Chris Tappin recently failed in his final attempt to avoid extradition to the US at the European Court of Human Rights.
The retired British businessman from Kent is accused of conspiring to sell components for Iranian missiles, but maintains that he did not know the batteries shipped through his freight company were destined for Iran.
Talking to Total Politics, Jo Johnson described the case as "a constitutional issue with national twist".
He suggested that his constituent would be under "incredible pressure" to agree to a plea bargain to "avoid lengthy incarceration" before a trial.
Johnson added that Tappin could be seen as an example of "British middle-class respectability" who was to be "catapulted robotically to the US".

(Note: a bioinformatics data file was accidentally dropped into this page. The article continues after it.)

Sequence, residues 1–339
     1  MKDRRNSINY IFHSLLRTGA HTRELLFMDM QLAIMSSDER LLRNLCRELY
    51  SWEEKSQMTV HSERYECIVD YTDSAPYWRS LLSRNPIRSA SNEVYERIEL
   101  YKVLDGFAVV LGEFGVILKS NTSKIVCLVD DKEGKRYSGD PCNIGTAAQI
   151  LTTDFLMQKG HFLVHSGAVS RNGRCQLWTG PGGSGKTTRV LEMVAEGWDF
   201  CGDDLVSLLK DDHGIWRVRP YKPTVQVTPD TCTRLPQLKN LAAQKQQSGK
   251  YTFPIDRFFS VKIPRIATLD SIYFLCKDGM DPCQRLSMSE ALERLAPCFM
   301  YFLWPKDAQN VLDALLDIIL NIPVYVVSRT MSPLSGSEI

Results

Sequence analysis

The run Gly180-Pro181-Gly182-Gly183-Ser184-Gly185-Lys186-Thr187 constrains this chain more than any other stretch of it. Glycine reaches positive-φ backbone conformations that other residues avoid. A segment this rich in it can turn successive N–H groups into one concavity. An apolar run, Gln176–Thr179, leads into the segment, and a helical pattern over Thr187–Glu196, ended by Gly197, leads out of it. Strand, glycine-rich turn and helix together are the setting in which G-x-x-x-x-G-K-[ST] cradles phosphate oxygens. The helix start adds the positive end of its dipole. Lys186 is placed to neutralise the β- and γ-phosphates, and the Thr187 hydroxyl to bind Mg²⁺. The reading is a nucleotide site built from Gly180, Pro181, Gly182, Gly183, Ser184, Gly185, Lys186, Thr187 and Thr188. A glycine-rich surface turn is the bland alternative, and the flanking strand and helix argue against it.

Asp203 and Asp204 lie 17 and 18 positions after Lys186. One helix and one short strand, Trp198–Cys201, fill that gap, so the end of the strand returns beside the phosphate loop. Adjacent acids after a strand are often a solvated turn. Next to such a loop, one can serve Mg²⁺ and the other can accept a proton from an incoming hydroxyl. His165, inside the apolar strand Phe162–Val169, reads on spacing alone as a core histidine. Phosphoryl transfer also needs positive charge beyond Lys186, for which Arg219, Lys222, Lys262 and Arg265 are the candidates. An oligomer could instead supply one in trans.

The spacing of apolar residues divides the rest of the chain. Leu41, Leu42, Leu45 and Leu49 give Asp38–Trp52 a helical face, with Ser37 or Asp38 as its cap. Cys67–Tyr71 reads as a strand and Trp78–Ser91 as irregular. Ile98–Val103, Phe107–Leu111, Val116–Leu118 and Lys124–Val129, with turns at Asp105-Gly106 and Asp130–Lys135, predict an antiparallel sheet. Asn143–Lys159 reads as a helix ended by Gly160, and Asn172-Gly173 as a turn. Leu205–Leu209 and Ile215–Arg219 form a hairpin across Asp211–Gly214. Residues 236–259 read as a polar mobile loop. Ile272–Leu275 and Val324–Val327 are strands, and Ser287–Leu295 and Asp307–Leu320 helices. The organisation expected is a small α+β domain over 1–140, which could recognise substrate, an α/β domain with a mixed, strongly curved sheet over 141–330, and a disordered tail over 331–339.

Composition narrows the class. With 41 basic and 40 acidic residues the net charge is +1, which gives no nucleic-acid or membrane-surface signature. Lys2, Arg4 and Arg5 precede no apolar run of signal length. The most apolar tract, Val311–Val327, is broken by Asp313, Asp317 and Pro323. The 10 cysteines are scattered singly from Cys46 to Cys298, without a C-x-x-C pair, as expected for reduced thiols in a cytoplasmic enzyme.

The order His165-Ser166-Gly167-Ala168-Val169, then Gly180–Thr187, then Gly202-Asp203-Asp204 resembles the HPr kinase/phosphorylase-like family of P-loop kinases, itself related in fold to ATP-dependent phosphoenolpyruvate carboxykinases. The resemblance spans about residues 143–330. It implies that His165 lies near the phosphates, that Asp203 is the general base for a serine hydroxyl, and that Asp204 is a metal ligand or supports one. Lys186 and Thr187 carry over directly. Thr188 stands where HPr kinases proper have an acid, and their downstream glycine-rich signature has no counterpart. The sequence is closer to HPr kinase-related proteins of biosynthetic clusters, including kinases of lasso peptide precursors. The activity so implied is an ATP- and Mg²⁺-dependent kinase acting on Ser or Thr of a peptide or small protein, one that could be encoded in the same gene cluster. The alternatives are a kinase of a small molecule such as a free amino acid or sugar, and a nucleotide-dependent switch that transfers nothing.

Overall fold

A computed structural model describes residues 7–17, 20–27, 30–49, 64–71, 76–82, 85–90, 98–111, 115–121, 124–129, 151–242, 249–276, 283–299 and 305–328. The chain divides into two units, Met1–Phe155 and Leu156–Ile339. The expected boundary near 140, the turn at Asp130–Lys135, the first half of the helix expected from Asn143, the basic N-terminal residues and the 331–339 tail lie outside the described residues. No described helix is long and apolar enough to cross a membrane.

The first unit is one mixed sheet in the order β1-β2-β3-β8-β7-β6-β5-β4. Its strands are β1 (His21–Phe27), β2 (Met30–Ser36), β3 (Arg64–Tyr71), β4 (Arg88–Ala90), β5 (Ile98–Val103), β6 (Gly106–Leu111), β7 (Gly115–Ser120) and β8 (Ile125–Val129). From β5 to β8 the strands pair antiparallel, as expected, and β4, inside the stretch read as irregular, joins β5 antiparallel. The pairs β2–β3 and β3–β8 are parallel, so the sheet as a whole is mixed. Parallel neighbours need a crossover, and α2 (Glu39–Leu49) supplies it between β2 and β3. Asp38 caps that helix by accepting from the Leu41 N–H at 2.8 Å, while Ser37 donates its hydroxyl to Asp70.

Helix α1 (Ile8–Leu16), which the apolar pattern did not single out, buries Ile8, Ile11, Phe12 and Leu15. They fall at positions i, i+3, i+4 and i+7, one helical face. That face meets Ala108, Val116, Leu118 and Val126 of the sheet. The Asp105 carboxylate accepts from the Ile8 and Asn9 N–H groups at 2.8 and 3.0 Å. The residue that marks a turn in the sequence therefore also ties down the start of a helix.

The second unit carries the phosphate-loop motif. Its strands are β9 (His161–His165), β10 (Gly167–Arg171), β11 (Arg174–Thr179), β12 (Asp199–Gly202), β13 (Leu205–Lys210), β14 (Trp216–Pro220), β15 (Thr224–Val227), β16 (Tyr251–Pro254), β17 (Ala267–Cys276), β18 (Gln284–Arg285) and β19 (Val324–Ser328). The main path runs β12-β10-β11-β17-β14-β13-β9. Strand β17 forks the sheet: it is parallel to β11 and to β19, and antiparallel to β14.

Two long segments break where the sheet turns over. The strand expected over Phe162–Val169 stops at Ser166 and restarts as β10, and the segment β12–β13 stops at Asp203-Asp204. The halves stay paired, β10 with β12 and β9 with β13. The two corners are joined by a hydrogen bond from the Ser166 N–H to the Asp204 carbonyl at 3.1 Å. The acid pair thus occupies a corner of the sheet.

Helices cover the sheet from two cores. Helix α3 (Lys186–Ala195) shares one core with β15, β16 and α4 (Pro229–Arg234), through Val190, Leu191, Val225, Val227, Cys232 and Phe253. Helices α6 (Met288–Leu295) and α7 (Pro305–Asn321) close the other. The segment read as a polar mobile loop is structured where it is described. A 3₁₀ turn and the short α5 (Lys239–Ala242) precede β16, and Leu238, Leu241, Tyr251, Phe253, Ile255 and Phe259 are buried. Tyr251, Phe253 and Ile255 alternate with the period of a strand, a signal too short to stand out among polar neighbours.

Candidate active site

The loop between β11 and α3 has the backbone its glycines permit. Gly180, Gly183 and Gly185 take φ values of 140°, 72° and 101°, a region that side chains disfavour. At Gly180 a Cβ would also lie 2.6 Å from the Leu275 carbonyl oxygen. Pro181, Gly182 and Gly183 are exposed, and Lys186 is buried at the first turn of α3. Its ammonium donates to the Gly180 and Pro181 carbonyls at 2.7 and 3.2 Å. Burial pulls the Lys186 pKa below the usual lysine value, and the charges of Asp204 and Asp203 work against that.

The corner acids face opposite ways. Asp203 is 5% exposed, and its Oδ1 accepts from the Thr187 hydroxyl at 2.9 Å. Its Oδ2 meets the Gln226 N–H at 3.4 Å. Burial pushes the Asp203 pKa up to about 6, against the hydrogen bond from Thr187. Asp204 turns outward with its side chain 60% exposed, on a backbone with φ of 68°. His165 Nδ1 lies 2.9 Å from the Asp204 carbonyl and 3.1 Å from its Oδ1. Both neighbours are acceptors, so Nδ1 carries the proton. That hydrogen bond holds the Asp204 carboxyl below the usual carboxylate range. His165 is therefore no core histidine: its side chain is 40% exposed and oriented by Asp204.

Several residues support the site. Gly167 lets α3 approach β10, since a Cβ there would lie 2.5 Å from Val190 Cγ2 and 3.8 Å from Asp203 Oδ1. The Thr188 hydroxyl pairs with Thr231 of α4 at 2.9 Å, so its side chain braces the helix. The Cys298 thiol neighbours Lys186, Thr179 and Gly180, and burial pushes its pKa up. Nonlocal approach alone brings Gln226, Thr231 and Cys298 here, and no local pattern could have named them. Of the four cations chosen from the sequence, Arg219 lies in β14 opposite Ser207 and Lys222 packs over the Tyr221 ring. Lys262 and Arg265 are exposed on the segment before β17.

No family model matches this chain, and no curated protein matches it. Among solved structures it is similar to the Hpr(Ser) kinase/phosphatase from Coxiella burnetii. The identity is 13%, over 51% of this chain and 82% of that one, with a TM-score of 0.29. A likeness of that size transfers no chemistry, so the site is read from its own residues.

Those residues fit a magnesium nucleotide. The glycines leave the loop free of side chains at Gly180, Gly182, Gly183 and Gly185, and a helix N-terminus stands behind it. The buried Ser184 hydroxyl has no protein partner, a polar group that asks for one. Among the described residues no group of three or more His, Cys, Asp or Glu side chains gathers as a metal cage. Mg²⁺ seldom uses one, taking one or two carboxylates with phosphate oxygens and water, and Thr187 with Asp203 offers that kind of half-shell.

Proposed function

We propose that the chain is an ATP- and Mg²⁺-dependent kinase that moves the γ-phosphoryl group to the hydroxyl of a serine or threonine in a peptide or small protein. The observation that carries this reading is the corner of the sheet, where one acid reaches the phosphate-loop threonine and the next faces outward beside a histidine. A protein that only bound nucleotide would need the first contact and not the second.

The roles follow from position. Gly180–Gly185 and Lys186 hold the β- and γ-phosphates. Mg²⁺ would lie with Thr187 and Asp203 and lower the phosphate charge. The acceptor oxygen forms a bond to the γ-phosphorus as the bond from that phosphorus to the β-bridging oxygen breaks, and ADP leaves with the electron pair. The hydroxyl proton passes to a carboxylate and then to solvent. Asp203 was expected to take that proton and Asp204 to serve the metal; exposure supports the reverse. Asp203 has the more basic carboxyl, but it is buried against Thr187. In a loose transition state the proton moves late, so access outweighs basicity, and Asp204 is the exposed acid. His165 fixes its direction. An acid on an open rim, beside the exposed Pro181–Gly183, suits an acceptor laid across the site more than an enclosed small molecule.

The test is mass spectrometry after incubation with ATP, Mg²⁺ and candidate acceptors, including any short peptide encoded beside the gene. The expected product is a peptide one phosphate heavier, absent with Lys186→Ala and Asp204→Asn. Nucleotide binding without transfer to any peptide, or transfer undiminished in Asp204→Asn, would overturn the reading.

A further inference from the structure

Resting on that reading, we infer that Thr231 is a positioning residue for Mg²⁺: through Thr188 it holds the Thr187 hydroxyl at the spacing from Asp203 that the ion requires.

Tappin is expected to testify before the home affairs select committee about the US-UK extradition treaty, and the evidence session may actually delay his enforced departure from the UK.
Tappin is not alone in fighting extradition to the US. Other cases including 23-year-old student Richard O'Dwyer, who is accused of breaking US copyright laws, and computer hacker Gary McKinnon.
Sir Scott Baker's independent review of the UK's extradition arrangements last year concluded that the current treaty between the US and the UK was both balanced and fair.
But critics believe this is the latest case to test the review's findings.
Johnson will raise the case at PMQs later today.
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